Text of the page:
It is estimated that as many as 75% of us will have some form of back or neck pain at some point in our lifetime. The good news is that most of us will recover without the need for surgery—and conservative care such as physical therapy usually gets better results than surgery. Degenerative disc disease (DDD) is one cause of back and neck pain. Usually the result of the natural aging process, degenerative disc disease (DDD) is a type of osteoarthritis of the spine.
What is degenerative disc disease?
Your spine is made up of 33 vertebrae that are stacked on top of one another. Between each of these vertebrae is a rubbery piece of cartilage called an “intervertebral disc.” Imagine the disc as a tire, with gelatin filling the hole in the tire. The tire is called the “annulus,” and the gelatin is called the “nucleus.” When we’re young—under 30 years of age—the disc is made mostly of gelatin. As we age, and sometimes with injury or excessive wear and tear, we start to lose some of that gelatin, and the volume of the disc decreases, resulting in less space between the vertebrae. The disc becomes flatter and less flexible, leaving less space between each set of vertebrae. Sometimes bone spurs form in response to this degeneration of the disc, making the spine stiff. When the rough surfaces of the vertebral joints rub together, pain and inflammation may result. Nerves may become irritated or compressed.
Disc degeneration might occur throughout several regions of the spine, or it might be limited to one disc. When it’s part of the natural aging process, the degeneration does not always lead to pain. For some people, however, it can cause a great deal of pain and disability.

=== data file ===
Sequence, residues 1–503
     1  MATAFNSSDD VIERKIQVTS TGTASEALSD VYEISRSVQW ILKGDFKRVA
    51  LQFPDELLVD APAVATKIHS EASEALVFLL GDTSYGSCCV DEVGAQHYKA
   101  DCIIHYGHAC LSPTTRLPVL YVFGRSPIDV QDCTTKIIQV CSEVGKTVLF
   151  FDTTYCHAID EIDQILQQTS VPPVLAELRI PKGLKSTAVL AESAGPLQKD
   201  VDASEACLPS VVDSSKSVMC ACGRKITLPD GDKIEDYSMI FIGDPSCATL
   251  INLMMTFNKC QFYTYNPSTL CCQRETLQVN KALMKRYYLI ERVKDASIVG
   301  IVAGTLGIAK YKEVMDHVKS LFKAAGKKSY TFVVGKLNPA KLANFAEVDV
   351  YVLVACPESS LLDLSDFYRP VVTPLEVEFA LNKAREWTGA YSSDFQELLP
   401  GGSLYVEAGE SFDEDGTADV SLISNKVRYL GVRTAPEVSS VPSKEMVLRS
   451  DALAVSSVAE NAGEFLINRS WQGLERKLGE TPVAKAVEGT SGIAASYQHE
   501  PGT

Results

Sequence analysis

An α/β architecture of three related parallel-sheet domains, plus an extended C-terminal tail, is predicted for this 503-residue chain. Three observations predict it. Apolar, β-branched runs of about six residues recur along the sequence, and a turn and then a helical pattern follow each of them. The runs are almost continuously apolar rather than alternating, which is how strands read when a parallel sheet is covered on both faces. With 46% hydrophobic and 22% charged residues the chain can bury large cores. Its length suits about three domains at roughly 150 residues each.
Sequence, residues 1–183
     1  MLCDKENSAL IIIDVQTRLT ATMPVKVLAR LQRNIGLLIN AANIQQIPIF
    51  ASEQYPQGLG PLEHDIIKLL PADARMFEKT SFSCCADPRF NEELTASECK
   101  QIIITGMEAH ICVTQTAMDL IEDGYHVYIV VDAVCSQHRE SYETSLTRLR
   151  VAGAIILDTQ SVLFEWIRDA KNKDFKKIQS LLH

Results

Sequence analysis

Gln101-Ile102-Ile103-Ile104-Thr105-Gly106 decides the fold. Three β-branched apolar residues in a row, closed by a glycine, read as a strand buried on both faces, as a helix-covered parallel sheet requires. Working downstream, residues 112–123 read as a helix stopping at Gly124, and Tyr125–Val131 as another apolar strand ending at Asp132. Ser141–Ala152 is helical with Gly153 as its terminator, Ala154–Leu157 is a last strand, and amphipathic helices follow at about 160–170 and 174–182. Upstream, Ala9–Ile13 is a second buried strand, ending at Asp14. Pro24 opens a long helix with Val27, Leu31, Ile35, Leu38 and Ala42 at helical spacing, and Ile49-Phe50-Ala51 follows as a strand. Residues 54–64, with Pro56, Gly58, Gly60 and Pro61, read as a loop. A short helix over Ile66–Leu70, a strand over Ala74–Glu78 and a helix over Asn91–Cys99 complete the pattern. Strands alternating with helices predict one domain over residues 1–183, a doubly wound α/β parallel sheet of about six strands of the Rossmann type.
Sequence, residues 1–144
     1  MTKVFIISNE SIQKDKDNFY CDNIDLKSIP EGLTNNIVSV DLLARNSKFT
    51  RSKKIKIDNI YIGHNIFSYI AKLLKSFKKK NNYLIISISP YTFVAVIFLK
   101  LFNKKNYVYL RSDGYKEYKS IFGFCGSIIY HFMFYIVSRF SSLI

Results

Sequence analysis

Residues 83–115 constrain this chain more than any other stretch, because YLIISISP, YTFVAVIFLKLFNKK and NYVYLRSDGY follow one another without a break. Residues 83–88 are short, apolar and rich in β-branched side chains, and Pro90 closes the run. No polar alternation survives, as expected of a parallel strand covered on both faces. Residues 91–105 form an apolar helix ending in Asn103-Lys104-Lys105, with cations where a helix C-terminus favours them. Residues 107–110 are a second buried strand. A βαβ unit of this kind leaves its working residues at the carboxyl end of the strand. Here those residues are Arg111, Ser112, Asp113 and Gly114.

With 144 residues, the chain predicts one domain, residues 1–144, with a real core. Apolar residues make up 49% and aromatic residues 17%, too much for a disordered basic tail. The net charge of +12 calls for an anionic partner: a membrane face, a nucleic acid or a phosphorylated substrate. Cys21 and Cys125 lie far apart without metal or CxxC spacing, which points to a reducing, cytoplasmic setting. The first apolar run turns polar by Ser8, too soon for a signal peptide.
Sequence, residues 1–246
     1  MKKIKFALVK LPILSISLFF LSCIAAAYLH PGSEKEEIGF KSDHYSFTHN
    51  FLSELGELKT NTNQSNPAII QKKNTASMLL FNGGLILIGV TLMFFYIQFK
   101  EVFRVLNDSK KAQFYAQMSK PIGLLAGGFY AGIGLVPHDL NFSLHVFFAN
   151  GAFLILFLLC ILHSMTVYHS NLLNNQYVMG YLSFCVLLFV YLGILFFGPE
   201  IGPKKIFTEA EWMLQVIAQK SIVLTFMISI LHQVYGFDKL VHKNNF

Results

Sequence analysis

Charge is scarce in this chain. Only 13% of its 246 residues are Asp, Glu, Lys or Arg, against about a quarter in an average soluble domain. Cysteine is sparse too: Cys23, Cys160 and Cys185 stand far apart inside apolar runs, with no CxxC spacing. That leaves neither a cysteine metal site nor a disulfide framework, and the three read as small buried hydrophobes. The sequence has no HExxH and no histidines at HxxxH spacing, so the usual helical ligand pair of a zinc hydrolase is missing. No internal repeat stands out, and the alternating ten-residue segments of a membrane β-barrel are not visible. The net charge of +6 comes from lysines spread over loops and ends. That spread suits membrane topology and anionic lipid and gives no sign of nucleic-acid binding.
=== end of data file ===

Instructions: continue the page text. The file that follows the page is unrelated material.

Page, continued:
How can a physical therapist help?
Your physical therapist’s overall purpose is to help you continue to participate in your daily activities and life roles. The therapist will design a treatment program based on both the findings of the evaluation and your personal goals. The treatment program likely will be a combination of exercises.
Relieve Pain and Increase Movement
Your therapist will design:
- Stretching and flexibility exercises to improve mobility in the joints and muscles of your spine and your extremities—improving motion in a joint is often the key to pain relief
- Strengthening exercises—strong trunk muscles provide support for your spinal joints, and strong arm and leg muscles help take some of the workload off your spinal joints
- Aerobic exercise, which has been shown to be helpful in relieving pain, promoting a healthy body weight, and improving overall strength and mobility—all important factors in managing DDD
This might sound like a lot of exercise, but don’t worry: research shows that the more exercise you can handle, the quicker you’ll get rid of your pain and other symptoms.
Your physical therapist also might decide to use a combination of treatments:
- Manual therapy to improve the mobility of stiff joints and tight muscles that may be contributing to your symptoms
- Posture and movement education to show you how to make small changes in how you sit, stand, bend, and lift—even in how you sleep—to help relieve your pain and help you manage your condition on your own
- Special pain treatments—such as ice, electrical stimulation, or a short course of traction—for pain that is severe and not relieved by exercise or manual therapy
Once your pain is gone, it will be important for you to continue your new posture and movement habits to keep your back healthy.
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